Math Coloring Pages 2nd Grade

Math Coloring Pages Printable - Apatosaurus Math Activity Coloring Printout for Beginning Readers

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Use print out coloring pages and something of such crayon techniques for your next classroom art lesson.

RESIST TECHNIQUES

Variation 1:

Trace over the photocopied picture outline with crayon.
Thick lines work most effectively.
Brush within the whole page with thin paint. Only use one color.
The waxed lines will resist the paint along with the picture will glow through.

Variation 2:

Color the majority of the picture with crayon. Leave some areas white.
Brush in the whole page with thin paint. Only use one color.

Variation 3:

Draw within the lines with crayon.
Paint the picture with many colors.
The crayon lines will make the picture simpler to paint.
They stop edges bleeding into one another.

Variation 4:

This is not a resist but it is an incredible extension from the previous activities.
Paint the picture with watercolors.
When the paint is dry, use crayons to add detail and depth of color.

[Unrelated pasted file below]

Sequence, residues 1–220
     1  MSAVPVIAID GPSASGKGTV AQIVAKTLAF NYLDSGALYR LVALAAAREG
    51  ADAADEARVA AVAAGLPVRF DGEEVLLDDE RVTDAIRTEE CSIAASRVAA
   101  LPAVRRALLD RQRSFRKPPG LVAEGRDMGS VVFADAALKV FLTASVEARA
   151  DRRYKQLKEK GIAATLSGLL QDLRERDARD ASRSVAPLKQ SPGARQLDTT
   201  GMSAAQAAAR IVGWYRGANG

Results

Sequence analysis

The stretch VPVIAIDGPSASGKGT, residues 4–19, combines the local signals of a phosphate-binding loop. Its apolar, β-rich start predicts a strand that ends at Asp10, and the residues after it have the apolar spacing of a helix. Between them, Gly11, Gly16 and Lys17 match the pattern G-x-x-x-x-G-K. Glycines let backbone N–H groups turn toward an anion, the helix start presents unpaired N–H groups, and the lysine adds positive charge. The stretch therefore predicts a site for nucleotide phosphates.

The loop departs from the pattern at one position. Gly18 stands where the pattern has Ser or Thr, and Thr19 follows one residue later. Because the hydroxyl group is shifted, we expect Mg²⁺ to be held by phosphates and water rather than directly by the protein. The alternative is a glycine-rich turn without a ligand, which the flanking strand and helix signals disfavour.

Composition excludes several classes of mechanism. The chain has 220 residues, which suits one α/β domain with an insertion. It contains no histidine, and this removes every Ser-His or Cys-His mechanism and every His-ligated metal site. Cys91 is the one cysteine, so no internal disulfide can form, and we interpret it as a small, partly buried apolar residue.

RUBBING TECHNIQUES

Variation 1:

Rip off a small piece of paper that is certainly regarding the height and width of a matchbox.
Use a crayon to scribble thickly on the paper.
Turn the paper over and ultizing your thumb rub the crayon on to the photo.
This produces a very soft smooth effect.

Variation 2:

Color a place of the picture using a textured object placed underneath.
Sandpaper, string, crumpled paper, bricks, bark, leaves, signs and rocks can produce interesting patterns. Experiment with a part of blank paper first.

Variation 3:

Use grated pieces or shavings of crayon to create a swirling effect.
Sprinkle the crayon on to the picture and after that rub them with your thumb.

This is useful if you are using different colors together.
It makes effective animal fur, storm clouds or grass.

TRANSPARENT TECHNIQUE

Go within the outline of the photo with black crayon.
Color the remainder of the photo thickly with crayon.
If possible use a small little bit of cotton wool or cloth to polish the image.
Heat from the friction of rubbing melts the crayon and produces a smooth shiny effect.
Apply a small amount of vegetable oil to some cotton wool ball.
Gently rub the oil over the back of the image.
The oil could make the picture almost transparent.
Students can be due to the oil soaked balls in a very paint tray.
Encourage these to look at and over the picture to spread the oil.
Hang the picture in the classroom window to produce a stained glass effect.